They were impressed with the way staff at the SAA really got to know the animals and how they were really careful to make sure they would fit in with family life. They say the adoption process was simple and swift and they’ve loved being able to provide such a secure and cat filled home for Flash!

Why Is A Dog’s Life So Bad Anyway?

It has been a while since we have been able to help our canine friends here at the Society for Abandoned animals. Our old kennel unit had served its purpose for many years but had become too badly outdated and worn down that we were faced with no other choice but to close it completely while refurbishment were made. Now we are very very close to getting dogs back again and once again fulfilling the wishes of the fantastic woman who founded our charity many moons ago.

Peggy Henderson started off the SAA as a way of feeding the stray dogs that were left to fend for themselves during the housing clearances in South Manchester in the 60s. Her life is a wonderful thing to learn about and we have a few remaining books on her life story available to purchase from our site.

With this mission in mind it never really made sence to us to not have dogs, why wouldn’t we when that was the one species the SAA was founded on? Well soon we will be graced by the incessant barking of happy dogs once again but until then we are still very keen to help rehome as many dogs as possible by less direct methods.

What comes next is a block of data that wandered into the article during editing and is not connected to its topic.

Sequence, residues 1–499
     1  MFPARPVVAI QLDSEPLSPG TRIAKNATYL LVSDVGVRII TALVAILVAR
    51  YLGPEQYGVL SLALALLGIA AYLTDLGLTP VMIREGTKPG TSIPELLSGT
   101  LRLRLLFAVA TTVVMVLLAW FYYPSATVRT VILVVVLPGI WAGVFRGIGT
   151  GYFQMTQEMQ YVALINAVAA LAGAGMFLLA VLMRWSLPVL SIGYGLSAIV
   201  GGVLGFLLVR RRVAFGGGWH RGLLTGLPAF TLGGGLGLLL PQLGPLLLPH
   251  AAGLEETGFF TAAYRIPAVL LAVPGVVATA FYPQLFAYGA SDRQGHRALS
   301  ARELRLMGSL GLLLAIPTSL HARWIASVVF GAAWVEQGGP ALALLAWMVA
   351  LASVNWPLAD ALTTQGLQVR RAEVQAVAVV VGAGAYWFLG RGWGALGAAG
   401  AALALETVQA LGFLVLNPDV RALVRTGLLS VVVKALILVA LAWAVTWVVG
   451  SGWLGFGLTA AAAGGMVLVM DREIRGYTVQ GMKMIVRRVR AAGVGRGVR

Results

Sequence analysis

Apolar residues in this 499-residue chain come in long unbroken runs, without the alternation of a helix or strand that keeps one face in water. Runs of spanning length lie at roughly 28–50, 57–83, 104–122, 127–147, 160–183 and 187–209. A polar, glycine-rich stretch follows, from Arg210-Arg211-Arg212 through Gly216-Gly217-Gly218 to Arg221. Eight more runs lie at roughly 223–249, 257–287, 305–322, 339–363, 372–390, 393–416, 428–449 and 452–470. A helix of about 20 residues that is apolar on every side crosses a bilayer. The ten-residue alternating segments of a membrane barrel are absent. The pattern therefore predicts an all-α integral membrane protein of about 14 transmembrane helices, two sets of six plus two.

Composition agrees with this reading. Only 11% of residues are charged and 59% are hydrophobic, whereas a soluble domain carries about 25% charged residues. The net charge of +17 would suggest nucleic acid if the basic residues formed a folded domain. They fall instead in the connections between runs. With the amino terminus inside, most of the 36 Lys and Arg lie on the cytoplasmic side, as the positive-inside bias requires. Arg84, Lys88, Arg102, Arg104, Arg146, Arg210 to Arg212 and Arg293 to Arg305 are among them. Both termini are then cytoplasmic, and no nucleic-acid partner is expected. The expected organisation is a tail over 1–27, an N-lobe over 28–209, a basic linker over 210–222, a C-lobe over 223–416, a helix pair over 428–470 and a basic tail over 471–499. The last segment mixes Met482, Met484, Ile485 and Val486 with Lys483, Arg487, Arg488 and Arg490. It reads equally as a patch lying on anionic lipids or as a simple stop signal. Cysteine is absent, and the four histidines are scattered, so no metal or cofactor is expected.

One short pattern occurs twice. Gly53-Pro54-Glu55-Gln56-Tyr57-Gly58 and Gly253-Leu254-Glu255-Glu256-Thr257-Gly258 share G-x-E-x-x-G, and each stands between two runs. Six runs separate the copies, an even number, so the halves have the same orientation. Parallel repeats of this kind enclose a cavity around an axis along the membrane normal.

First there was Harvey – The dog that everybody needed but didn’t know it yet. Now there is Alfie. Watch his story…

If you have any questions about Alfie’s campaign or where you can adopt a dog in the Manchester area while we are still dog-less them please leave a comment below and we will get back to you as soon as we can.

We don’t think there is anything wrong with Alfie

Read All About It! Bruno’s Best Foot Forward.

Animal Care Coordinator Helen Messer, General Manager Bob Gregson and Bruno. (copyright The Messenger Newsgroup)

Our boy Bruno, the 3 legged staffy, is making is mark once again by winning the hearts and minds of readers of our local newspaper the Sale and Altrincham Messenger.

A THREE-legged dog has given a ‘paw-up’ to impressive new kennels at Trafford’s Society for Abandoned Animals – eight months after a Messenger-backed fundraising campaign saved the centre.

Six-year-old Staffordshire bull terrier-cross Bruno was the first canine ‘guest’ to sample the state-of-the-art kennels, which have replaced outmoded ones that closed 18 months ago.

The new facilities have been completed thanks to a Messenger-backed ‘Save our Sanctuary’ (SOS) campaign raised £50,000 to prevent the cash-strapped 45-year-old centre from closure.